Reduced Vitamin D Associated With Decreased Cognitive Function

Reduced vitamin D associated with decreased cognitive function

Reduced vitamin D associated with decreased cognitive function

Tuesday, June 11, 2013. In an article published online on May 29, 2013 in the journal Ageing Research Reviews, researchers from The Netherlands report an association between reduced serum levels or intake of vitamin D and a greater risk of cognitive decline.

For their review, M. H. Emmelot-Vonk and colleagues at University Medical Center Utrecht selected 25 cross-sectional studies (which examine a specific population at one point in time) and six prospective studies (which follow a group of subjects over a given period of time) that examined the association between vitamin D status and cognition. The cross-sectional studies included a total of 48,680 men and women, and the prospective studies included 10,896 subjects who were followed for 4 to 7 years.

In 18 out of the 25 cross-sectional studies, reduced vitamin D intake or serum levels were associated with decreased cognitive function as determined by test scores, or an increased risk of dementia in comparison with participants with higher levels. Among the prospective studies, reduced vitamin D serum levels or intake were associated with decreased cognitive function or a higher incidence of dementia in four of the six studies. Overall, 71% of the studies found an association between reduced vitamin D status and decreased cognitive function. No studies found a negative effect for improved vitamin D status on cognition.

"This systematic review pointed out that the majority of the cross-sectional as well as prospective studies found that hypovitaminosis D is associated with a statistically significant worse outcome on one or more cognitive function tests or a higher frequency of dementia," the authors conclude. "Further studies should focus on the role of vitamin D supplementation in the prevention of cognitive decline in participants with low vitamin D levels."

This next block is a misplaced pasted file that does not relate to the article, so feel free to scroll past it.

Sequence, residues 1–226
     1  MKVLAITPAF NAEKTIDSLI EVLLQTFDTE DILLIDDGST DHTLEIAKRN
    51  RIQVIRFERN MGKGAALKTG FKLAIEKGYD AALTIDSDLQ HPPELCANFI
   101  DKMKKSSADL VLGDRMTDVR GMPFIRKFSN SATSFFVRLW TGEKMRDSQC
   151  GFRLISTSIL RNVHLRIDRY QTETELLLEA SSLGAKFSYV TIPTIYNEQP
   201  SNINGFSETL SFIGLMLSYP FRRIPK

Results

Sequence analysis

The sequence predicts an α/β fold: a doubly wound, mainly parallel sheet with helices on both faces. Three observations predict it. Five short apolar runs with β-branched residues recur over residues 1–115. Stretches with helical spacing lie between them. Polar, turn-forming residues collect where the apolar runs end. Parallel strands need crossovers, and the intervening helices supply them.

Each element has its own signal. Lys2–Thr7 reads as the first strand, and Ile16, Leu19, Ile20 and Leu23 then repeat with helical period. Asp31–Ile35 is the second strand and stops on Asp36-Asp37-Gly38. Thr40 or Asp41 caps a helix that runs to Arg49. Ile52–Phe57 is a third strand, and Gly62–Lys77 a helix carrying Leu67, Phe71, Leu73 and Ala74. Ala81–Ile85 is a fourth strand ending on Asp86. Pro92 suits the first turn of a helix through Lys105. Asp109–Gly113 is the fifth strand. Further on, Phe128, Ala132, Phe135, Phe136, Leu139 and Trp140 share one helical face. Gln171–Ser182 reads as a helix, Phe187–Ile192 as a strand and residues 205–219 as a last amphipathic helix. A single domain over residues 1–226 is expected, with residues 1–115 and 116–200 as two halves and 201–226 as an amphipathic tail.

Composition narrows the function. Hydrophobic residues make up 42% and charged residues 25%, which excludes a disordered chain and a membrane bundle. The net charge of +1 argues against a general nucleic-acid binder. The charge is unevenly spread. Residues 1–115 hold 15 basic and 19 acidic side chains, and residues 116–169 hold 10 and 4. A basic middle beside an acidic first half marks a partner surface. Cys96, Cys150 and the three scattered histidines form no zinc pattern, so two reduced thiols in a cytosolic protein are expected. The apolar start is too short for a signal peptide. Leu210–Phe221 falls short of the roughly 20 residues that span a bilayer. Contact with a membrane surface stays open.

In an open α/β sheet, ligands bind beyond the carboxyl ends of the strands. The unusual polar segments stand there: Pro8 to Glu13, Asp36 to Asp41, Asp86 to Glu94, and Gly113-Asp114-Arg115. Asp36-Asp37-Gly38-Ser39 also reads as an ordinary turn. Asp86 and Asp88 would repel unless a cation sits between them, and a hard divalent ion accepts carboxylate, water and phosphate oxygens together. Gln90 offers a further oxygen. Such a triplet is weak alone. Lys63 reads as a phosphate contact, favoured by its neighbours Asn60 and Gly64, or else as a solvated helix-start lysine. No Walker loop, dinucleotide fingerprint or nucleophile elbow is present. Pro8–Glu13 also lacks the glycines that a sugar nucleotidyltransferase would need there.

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Vitamin D may protect against the development of uterine fibroids

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The May, 2013 issue of the journal Epidemiology published an article which reports the finding of vitamin D researcher Bruce W. Hollis and his colleagues of a lower risk of uterine fibroid tumors in women with sufficient levels of vitamin D.

The study evaluated 620 African American and 416 Caucasian women between the ages of 35 to 49 who were enrolled in the National Institute of Environmental Health Sciences Uterine Fibroid Study. Serum 25-hydroxyvitamin D levels were measured in blood samples collected upon enrollment and ultrasound examinations ascertained the presence and size of fibroids.

Insufficient vitamin D levels were found in 90 percent of African American and 50 percent of Caucasian participants. Subjects with sufficient serum levels of the vitamin, which the researchers classified as 20 nanograms per milliliter (ng/mL) or higher, had a 32 percent lower risk of having fibroids in comparison with those whose levels were sufficient. Each 10 ng/mL increase in vitamin D was associated with a 20 percent reduction in fibroid risk. The reduction in risk was similar for small and large fibroids, and for African Americans and Caucasians. Sun exposure of at least an hour per day was also associated with a lower risk of the condition.

The authors remark that treatment of cultures of human uterine fibroid tissue with a form of vitamin D results in decreased cell proliferation accompanied by inhibition of molecular pathways for fibrosis. They conclude that the current findings provide evidence for a causal relationship between sufficient vitamin D and protection against fibroids that warrants further investigation.

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